A few years ago, I was visiting the University of Puerto Rico-Mayaguez marine lab, which is in Magueyes, near the famous bioluminescence bay. I was visiting my friend, who is a professor there, and we were using their ship to collect some deep sea ostracods. Before that cruise, I decided to do a bit of collecting near the pier. The marine lab is on a tiny little island. It used to be a zoo, and there are large lizards all over the island, which I’m told are descended from those that escaped from the zoo. To get to the island, one must take a boat across a small channel; they have attendants there 24 hours a day!

I’d collected in the Caribbean before, and I expected to be able to collect Skogsbergia lerneri, a species I’ve collected in Florida and Belize (and a species sure to be on a future ostra-blog). Skogsbergia come to baited traps, so I deployed a trap off the pier of the marine lab. While waiting for the animals to come to the trap, I dipped my bucket in the water. To my great surprise, I saw an ostracod buzzing around in the water like Michael Phelps on steroids. Ostracods are quite small, but they have a pretty distinctive swimming behavior (myodocopids at least). Unlike other things of their size, like copepods, ostracods swim very smoothly. I sucked it up into a pipette, and brought it back into the lab. I couldn’t believe my eyes, I suspected immediately I had a Euphilomedes!!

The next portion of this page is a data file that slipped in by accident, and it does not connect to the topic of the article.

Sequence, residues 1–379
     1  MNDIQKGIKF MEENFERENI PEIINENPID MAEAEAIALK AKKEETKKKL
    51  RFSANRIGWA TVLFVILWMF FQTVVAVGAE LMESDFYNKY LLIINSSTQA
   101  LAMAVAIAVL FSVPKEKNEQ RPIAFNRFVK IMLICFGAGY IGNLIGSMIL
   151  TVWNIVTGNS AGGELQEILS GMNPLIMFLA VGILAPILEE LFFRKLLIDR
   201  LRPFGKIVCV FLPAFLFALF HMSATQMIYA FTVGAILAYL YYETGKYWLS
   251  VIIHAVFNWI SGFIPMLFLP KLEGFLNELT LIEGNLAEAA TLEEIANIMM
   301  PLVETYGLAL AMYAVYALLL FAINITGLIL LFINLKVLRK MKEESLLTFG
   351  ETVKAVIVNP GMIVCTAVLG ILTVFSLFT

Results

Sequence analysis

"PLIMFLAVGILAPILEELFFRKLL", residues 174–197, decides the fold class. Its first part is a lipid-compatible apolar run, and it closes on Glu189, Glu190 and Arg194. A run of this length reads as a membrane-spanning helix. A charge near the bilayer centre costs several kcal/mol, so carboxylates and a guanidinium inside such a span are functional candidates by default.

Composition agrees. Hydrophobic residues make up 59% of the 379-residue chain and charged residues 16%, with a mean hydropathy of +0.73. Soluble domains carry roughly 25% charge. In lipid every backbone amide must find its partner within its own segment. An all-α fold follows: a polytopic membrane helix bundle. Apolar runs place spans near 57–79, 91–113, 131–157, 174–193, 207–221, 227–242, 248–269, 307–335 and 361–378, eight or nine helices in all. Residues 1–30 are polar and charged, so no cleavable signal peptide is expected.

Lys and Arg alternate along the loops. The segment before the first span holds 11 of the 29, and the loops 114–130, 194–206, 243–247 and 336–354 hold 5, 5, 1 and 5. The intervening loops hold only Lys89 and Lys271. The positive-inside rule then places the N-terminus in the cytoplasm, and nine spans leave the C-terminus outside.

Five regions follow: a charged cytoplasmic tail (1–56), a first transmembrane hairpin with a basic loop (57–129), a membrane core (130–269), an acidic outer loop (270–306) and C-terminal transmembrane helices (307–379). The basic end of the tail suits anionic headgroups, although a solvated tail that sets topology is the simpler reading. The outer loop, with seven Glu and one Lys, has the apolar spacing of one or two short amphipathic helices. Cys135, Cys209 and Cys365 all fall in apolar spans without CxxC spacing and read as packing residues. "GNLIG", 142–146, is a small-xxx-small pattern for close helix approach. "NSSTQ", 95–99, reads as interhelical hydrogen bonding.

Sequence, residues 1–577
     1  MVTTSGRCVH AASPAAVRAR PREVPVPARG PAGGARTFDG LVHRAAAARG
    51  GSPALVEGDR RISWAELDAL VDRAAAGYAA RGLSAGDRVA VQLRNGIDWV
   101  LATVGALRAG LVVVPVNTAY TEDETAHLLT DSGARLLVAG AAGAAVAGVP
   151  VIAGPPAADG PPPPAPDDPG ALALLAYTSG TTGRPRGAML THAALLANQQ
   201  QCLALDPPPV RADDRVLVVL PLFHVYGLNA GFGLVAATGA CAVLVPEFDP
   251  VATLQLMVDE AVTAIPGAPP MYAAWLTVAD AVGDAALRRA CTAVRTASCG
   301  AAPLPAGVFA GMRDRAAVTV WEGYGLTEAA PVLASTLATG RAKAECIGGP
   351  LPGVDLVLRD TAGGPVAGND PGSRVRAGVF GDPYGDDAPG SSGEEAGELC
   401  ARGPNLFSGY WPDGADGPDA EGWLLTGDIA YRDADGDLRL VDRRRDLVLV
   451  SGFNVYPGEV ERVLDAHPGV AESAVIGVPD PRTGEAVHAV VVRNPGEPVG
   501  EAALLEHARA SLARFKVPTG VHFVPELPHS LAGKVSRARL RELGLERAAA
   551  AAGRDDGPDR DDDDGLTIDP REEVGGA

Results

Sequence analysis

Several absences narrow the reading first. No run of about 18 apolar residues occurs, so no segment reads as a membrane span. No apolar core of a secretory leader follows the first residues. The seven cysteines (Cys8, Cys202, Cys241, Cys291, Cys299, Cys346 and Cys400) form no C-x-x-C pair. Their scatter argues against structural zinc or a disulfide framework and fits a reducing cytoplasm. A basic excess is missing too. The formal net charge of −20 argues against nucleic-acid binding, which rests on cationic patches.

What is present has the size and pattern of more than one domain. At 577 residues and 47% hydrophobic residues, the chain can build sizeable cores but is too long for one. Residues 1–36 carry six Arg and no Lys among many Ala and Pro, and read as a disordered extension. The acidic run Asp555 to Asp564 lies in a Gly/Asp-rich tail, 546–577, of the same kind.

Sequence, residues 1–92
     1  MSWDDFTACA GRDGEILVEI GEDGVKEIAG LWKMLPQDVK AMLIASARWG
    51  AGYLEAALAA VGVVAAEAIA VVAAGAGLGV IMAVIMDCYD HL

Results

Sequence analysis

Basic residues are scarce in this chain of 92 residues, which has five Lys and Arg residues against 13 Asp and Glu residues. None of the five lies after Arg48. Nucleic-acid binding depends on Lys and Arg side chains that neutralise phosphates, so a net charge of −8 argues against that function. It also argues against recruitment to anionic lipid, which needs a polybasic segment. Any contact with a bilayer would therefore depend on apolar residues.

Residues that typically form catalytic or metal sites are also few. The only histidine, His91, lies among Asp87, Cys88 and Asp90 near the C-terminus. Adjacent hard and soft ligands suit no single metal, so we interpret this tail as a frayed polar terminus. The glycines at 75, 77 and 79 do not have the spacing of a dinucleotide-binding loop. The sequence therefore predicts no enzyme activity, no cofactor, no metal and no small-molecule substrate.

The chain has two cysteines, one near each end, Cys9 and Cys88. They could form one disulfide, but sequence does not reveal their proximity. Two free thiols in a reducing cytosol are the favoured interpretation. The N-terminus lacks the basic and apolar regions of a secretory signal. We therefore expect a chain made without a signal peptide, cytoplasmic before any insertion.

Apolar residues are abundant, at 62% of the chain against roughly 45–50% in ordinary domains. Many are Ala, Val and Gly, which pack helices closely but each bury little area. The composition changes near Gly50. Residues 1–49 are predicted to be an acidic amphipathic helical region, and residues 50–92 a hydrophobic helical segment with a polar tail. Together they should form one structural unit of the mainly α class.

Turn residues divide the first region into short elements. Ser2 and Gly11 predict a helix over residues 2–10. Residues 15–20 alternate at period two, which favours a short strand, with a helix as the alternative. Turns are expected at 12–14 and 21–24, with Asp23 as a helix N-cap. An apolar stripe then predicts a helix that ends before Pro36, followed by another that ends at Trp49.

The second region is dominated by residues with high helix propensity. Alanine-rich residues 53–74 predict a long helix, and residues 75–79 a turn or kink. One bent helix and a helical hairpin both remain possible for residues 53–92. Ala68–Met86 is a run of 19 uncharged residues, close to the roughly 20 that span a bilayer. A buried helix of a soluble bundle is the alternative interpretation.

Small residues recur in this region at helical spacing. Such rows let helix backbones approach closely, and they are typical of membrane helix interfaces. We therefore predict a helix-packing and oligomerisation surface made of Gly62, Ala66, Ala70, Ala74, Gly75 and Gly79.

I was so surprised for two reasons. First, Euphilomedes is one of my favorite genera (another certain ostra-blog candidate), because the males have large compound eyes and the females do not. My lab is interested in how this strange eye dimorphism occurs developmentally and genetically. Second, Euphilomedes had never been described from the Caribbean before, so I knew I almost certainly had a new species on my hands. It turns out that it was a species unknown to science, and I had discovered it literally by dipping my bucket in the water in a place where hundreds of marine biologists, and even ostracodologists had passed; a marine lab of a major university. Still, it would be a few years before we mounted the expedition to find more individuals of this new animal, and before we’d decide on its name.